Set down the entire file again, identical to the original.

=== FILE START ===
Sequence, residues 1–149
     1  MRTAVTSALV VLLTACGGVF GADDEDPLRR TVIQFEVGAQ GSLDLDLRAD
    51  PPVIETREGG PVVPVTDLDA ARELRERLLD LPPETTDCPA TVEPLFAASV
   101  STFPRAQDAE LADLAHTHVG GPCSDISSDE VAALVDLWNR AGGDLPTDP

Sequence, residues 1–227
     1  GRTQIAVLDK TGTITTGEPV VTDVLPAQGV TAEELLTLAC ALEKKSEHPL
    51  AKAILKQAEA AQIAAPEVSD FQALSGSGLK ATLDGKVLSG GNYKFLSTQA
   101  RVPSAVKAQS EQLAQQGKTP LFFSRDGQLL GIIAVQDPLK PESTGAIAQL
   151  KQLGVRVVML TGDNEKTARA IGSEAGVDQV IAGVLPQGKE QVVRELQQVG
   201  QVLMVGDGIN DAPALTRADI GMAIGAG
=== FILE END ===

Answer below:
Sequence, residues 1–149
     1  MRTAVTSALV VLLTACGGVF GADDEDPLRR TVIQFEVGAQ GSLDLDLRAD
    51  PPVIETREGG PVVPVTDLDA ARELRERLLD LPPETTDCPA TVEPLFAASV
   101  STFPRAQDAE LADLAHTHVG GPCSDISSDE VAALVDLWNR AGGDLPTDP

Sequence, residues 1–227
     1  GRTQIAVLDK TGTITTGEPV VTDVLPAQGV TAEELLTLAC ALEKKSEHPL
    51  AKAILKQAEA AQIAAPEVSD FQALSGSGLK ATLDGKVLSG GNYKFLSTQA
   101  RVPSAVKAQS EQLAQQGKTP LFFSRDGQLL GIIAVQDPLK PESTGAIAQL
   151  KQLGVRVVML TGDNEKTARA IGSEAGVDQV IAGVLPQGKE QVVRELQQVG
   201  QVLMVGDGIN DAPALTRADI GMAIGAG